Let true lovers break out in praise, sing out from wherever they're sitting,
Shout the high praises of God, brandish their swords in the wild sword-dance. (Psalm 149:5-6, MSG)
Today I come to the end of Psalms. Oh, my, what an amazing journey. David seems to have a poem for every mood and circumstance of the Christian life. Whether I want to question for His absence or invite the whole world to join me in song, and everywhere in between, he speaks about it. I have found it hard to add anything of meaning to his powerful words, but I have enjoyed the road. I hope you have to.
I could end with a meditation on the very last verse in Psalms: Let every living, breathing creature praise God! Hallelujah! But as always, David says it all, perfectly.
But as a writer of Christian romance, I was thrilled to read the above verses. For me and all the other romance writers out there, who doesn't perk up their ears when they hear instructions for all true lovers?
Let's see what advice the Psalmist dishes out for writers.
First, the instruction are for true lovers. Two people are committed solely to each other (at least by the end of the book). Their love has been tested throughout the book. They have had obstacles to overcome on their path to love. But their love has been proven true. When we reach the last page, author and reader alike have no doubt that their love is indeed "happily ever after," the stuff fairy tales are made of.
Those true lovers are to "break out" in praise. Their faith should flow seamlessly with the story. There should be times when they pause, amazed by God, and give Him praise.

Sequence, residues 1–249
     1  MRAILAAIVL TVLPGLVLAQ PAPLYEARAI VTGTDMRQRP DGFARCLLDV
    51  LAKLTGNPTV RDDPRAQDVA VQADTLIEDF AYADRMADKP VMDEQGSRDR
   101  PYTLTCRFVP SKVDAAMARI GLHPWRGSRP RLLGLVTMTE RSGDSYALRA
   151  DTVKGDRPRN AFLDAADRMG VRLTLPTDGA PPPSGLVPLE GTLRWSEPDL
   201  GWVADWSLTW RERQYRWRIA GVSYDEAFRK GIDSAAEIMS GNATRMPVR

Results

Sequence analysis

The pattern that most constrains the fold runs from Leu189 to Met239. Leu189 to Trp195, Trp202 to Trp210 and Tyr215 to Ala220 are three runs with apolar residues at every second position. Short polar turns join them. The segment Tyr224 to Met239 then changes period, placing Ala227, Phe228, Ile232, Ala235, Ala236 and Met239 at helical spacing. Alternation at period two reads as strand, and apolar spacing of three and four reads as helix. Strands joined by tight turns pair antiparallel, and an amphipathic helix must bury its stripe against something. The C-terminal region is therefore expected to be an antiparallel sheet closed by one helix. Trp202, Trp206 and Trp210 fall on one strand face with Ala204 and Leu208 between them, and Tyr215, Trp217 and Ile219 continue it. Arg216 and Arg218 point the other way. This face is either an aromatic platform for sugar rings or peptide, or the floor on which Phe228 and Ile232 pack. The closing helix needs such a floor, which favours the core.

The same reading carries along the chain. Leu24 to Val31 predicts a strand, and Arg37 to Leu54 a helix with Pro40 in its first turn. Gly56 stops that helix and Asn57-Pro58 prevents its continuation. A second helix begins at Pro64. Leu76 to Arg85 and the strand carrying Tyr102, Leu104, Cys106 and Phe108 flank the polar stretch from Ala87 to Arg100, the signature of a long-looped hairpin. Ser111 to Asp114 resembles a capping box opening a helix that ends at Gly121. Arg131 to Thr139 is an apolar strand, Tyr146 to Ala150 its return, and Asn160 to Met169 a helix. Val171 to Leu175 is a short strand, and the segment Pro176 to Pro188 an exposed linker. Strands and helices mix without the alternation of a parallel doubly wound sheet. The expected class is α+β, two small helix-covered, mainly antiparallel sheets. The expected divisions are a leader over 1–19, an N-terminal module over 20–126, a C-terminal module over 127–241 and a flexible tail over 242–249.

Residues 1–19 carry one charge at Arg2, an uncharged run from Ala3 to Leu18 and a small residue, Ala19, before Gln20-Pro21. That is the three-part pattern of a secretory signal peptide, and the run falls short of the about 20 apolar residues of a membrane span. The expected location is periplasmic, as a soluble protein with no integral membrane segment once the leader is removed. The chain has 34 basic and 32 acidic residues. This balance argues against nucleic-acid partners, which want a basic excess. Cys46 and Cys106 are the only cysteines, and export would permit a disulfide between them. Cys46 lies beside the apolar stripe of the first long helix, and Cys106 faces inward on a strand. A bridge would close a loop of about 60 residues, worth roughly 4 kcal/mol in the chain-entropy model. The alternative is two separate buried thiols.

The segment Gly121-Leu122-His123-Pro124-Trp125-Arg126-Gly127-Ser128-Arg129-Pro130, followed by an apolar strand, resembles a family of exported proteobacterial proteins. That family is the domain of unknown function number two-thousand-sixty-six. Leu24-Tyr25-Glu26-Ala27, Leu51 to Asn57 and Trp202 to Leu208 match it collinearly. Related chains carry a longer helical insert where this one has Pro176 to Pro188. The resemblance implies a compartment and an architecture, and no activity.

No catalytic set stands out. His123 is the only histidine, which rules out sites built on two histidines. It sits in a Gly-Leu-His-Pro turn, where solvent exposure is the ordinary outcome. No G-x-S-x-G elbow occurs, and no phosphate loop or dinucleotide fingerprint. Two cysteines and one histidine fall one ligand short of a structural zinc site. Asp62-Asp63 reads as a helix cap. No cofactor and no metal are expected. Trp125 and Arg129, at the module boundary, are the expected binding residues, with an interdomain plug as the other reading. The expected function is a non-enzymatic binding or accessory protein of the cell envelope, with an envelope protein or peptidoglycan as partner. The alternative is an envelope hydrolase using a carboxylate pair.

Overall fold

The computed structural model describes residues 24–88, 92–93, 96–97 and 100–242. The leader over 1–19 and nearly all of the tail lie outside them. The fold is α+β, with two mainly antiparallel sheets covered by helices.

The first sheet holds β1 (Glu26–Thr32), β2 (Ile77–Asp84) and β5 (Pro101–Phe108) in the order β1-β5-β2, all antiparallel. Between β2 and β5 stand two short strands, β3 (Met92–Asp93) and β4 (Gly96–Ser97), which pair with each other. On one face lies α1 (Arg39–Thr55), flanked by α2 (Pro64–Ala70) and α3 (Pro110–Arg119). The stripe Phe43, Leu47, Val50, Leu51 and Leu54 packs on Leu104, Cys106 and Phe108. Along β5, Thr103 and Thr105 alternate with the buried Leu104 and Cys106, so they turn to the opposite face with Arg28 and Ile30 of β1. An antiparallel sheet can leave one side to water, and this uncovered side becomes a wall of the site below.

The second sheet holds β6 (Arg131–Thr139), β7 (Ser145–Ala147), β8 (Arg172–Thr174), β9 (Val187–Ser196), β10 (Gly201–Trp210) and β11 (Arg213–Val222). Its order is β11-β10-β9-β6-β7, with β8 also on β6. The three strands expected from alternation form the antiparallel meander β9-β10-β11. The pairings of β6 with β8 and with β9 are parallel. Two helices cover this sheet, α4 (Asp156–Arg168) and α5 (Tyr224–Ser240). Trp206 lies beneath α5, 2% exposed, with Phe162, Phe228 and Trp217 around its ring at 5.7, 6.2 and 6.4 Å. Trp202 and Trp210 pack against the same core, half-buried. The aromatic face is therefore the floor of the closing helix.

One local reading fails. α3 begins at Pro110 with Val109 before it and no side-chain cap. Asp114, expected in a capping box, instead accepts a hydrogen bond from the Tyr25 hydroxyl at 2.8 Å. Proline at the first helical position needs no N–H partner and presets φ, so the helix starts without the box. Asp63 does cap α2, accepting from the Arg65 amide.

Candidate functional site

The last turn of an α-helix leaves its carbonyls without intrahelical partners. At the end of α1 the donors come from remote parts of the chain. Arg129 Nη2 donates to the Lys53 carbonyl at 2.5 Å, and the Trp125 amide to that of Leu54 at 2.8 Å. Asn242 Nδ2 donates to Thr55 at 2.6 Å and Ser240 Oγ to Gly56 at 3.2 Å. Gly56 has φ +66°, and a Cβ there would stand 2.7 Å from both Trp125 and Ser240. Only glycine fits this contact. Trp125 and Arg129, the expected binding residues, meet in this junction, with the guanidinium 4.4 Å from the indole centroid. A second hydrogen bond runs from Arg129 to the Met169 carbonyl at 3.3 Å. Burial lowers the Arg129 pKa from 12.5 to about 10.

They are to sing. I thought I included music (in my current WIP, it's Scottish ballads and hymns from the Psalter)in my books because music has been the language of my heart since childhood. The Psalmist encourages us to include music in our stories as well.
The setting? Wherever they are sitting. Any part of the world. Any time. Any occupation. As long as they praise god, the setting is left to the author's imagination.
My favorite instructions have to be "brandish their swords in the wild sword-dance." That makes me think of Scottish warriors, or perhaps pirates. A good, manly hero will be ready to defend his family--and God's honor. A swashbuckling pirate or a bronco-busting cowboy bring their own brand of praise to God.
If a romance includes conflict, true love that conquers all, a focus on God, a song or two, and an epic confrontation, the author is well on the way to a grand story.
Today's favorite verse: Let them praise the name of God--it's the only Name worth praising. His radiance exceeds anything in earth and sky; he's built a monument--his very own people! (Psalm 148:13-14, MSG)